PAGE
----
Of course the image is upside down. This is the basic principle of the camera obscura a technique of throwing an image on a wall. A great article on the subject is Inside the Camera Obscura – Optics and Art under the Spell of the Projected Image, which also includes a description of the meridian lines at the Vatican.
The idea of the camera obscura dates at least to 400 years BC (Chinese), but it was explored completely by the Basra-born optician Abū ʿAlī al-Ḥasan ibn al-Ḥasan ibn al-Haytham ابو علی، حسن بن حسن بن هيثم
He lived around 965 to 1039 AD, and is more succinctly known as Alhacen.
Alhacen was placed under house arrest after he feigned madness in order to avoid complying with an unreasonable order to use his understanding of mathematics to regulate the floods of the Nile. Basra probably looked good to him. While under house arrest, he wrote the prescient and influentional Book of Optics. Some say he was the father of the scientific method. But despite all this, he did not describe sunspots.
After I took the above image of the tree, I ran outside and climbed up the stripper tower to photograph the setting sun. The view is from above and to the north of the building. The tree concerned is the tiny bump that, from this height, just touches the horizon. It is alone, the first tree to the left of the point of the setting sun:
Before the image was reduced to 500 x 400 resolution for this post, I could see the structure of the tree enough to identify it. In the above picture, taken by the same camera, you can see no detail in the tree whatsoever. Amazing how well the camera obscura magnifies.
Sunspots and Climate
So the discovery of sunspots was likely several thousand years ago. Someone seeing the image of the setting sun could have realized that their tent was actually an observatory and conclude that sunspots were on the sun. But they didn’t publish, and so Galileo got the credit in 1613. (Kea, don’t let this happen to you.) And from that time on, observations of sunspots have been regularly made by astronomers. From the wikipedia article on sunspots, the number seen per year goes up and down regularly, but not quite stably:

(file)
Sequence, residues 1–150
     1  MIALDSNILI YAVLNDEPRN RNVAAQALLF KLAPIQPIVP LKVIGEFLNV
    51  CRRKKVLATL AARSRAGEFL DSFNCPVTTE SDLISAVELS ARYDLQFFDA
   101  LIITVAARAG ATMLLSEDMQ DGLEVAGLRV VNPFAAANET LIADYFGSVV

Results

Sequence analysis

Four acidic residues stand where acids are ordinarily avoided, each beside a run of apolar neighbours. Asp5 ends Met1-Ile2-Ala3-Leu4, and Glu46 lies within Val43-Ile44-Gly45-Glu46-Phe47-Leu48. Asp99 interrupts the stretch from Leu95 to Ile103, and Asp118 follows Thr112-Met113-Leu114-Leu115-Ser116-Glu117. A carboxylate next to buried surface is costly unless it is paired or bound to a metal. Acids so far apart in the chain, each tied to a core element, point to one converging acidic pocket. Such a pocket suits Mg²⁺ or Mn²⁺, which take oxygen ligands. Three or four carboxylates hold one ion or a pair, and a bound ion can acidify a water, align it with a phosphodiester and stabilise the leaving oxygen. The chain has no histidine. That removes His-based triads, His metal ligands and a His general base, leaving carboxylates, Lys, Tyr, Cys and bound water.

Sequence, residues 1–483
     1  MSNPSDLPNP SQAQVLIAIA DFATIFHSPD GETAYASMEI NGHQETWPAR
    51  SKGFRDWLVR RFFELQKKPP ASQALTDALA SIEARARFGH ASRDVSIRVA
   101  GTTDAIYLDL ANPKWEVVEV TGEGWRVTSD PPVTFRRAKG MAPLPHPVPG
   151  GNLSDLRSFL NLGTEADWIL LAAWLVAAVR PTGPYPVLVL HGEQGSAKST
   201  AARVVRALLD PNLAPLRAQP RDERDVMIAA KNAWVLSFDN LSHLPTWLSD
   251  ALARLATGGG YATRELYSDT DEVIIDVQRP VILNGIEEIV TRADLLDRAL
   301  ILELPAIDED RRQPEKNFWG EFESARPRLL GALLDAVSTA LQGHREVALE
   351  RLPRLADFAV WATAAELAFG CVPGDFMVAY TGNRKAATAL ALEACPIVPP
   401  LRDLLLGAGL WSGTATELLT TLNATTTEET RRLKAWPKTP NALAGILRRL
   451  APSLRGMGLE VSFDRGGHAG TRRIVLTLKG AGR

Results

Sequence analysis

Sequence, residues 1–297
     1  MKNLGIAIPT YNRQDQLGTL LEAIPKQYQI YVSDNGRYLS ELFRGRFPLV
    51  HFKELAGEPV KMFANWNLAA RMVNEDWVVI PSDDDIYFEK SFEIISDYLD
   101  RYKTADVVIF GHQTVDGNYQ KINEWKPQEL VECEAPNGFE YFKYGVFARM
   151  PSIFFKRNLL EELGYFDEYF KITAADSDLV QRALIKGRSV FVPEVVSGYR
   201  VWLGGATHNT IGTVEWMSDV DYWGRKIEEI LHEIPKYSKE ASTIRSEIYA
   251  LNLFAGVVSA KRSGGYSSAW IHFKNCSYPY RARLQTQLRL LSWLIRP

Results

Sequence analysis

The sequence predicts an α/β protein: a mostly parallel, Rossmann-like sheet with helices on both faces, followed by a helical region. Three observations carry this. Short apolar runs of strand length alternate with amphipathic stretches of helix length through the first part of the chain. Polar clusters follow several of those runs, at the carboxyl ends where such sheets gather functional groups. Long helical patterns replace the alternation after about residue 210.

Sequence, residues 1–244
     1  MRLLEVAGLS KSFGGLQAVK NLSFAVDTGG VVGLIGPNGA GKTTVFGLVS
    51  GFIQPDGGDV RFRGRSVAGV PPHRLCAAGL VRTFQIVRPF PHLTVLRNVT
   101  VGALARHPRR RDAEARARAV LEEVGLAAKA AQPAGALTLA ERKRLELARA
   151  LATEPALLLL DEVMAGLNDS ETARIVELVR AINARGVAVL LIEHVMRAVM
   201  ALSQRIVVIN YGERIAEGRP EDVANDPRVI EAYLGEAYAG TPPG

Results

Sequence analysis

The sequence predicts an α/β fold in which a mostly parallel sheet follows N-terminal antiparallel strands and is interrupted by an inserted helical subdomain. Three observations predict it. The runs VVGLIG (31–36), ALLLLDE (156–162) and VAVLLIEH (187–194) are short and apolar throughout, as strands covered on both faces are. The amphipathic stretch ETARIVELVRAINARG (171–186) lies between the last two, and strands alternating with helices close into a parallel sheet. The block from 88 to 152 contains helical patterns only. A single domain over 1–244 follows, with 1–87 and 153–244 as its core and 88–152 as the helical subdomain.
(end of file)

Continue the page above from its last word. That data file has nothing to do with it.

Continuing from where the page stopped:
In the above chart, there are two periods where the sunspot count was reduced. During the Maunder minimum, from 1645 to 1715, sunspots were exceedingly rare. And there was a period called the Dalton Minimum, 1790 to 1830, where sunspots were just more rare than usual.
The funny thing is that the Maunder minimum corresponded to a time of very cold temperatures in Europe; it was the time of the so-called “little ice age”. The effect of sunspots on the earth is to change the amount of cosmic radiation that the earth recieves.
When cosmic radiation hits nitrogen atoms in the upper atmosphere, it sometimes converts them to carbon. The cosmic radiation makes neutrons. The nucleus of the nitrogen atom absorbs a neutron and spits out a proton. This converts the atom to being an atom of carbon. But instead of the usual carbon it is slightly radioactive, carbon-14. Therefore, when sunspots come and go, it effects the amount of carbon-14 that is created, and this effect, that the amount of carbon 14 being created changes from year to year, is compensated for when carbon 14 dating is done.
It’s also known that cosmic radiation can enable clouds to form. This is the basic principle of the “cloud chamber” that was used so much in elementary particle physics of the mid 20th century. And clouds effect the climate. For a more complete description of the science, see Lubos Motl’s Sunspots Correlation With Temperature blog post.
The previous solar cycle, number 23, was very active, and general expectations were that the next solar cycle would also be very active. However, the new cycle is getting off to a very slow start. All this has got a few scientists worried that we may be in for another little ice age. The problem with global cooling is that it decreases the amount of food that we can grow. For the scary view of sunspots, see Sorry to ruin the fun, but an ice age cometh, which talks about Napoleon’s retreat from Moscow and that various parts of the planet have seen record cold weather recently, such as the first snowfall in Baghdad in centuries.
The last glacial maximum covered the place from which I now write under thousands of feet of ice. That would be real bad, but at least it would take some time to build up. On the other hand, it doesn’t take much cool weather to disrupt our crop growing. This past spring, there were some worries that the US corn crop would be severely reduced due to the cold wet spring.
So let’s hope that the sunspots come back, and we can return to worrying about global warming.